ePrivacy Directive: EU to tighten up on Data Breach Notifications

You may be aware that the EU recently put into force the updated ePrivacy Directive (2002/58/EC).  As of May 2011, the use of cookies to track website visitor information is now strictly prohibited.  Cookies which were previously used to track visitor behaviour and personal details may now only be used with the express permission of the visitor. Interesting website based outside of the EU, do not have to operate with the same constraints.  The enforcement and technical implementation of the directive may take some time to filter through to every cookie using site on the web, and penalties for not doing so are yet to be seen.

Work continues on the ePrivacy Directive in the coming months. One InfoSec concept which the EU are looking to tighten up control of through the directive is “disclosure”.  Whereas in the past, companies or organisations may have been a little shy about publicising their information security breaches, it’s soon going to be come a strictly enforced legal requirement to do so. Under the ePrivacy Directive disclosure requirements will be covered under Data Breach Notification rules.  A public consultation is currently underway and is sue to conclude in September:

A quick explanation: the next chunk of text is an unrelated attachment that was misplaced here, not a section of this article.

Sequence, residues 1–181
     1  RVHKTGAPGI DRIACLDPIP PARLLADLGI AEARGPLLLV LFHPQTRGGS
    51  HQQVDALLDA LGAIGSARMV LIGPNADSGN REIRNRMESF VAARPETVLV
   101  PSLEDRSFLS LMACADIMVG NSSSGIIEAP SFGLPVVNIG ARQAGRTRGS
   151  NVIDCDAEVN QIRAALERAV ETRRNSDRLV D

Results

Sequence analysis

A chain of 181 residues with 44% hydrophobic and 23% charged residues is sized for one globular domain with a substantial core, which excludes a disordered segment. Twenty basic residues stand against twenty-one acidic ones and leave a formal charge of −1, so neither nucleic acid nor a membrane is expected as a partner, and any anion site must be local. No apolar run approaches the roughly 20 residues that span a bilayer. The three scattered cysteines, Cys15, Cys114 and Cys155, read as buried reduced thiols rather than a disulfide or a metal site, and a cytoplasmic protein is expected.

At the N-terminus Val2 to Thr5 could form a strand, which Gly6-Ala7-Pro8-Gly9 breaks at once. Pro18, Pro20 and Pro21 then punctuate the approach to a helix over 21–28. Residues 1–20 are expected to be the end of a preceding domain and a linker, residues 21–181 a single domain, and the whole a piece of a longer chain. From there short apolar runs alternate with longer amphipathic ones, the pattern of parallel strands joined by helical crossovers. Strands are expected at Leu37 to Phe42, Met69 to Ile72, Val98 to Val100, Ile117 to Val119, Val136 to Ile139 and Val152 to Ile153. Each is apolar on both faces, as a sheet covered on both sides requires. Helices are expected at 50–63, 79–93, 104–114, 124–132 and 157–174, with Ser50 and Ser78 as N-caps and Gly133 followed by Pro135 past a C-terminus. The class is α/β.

ePrivacy Consultation

The consultation will cover the mechanisms for categorising. assessing and reporting breaches.

The hacker groups Anonymous and Lulzsec have made a mockery of the security controls of some major organisations in recent months.  Data loss and it’s prevention continues to be a major challenge for infromation security managers.  It’s time for organisations of all sizes to get serious about InfoSec, and this legislation could help push for that.

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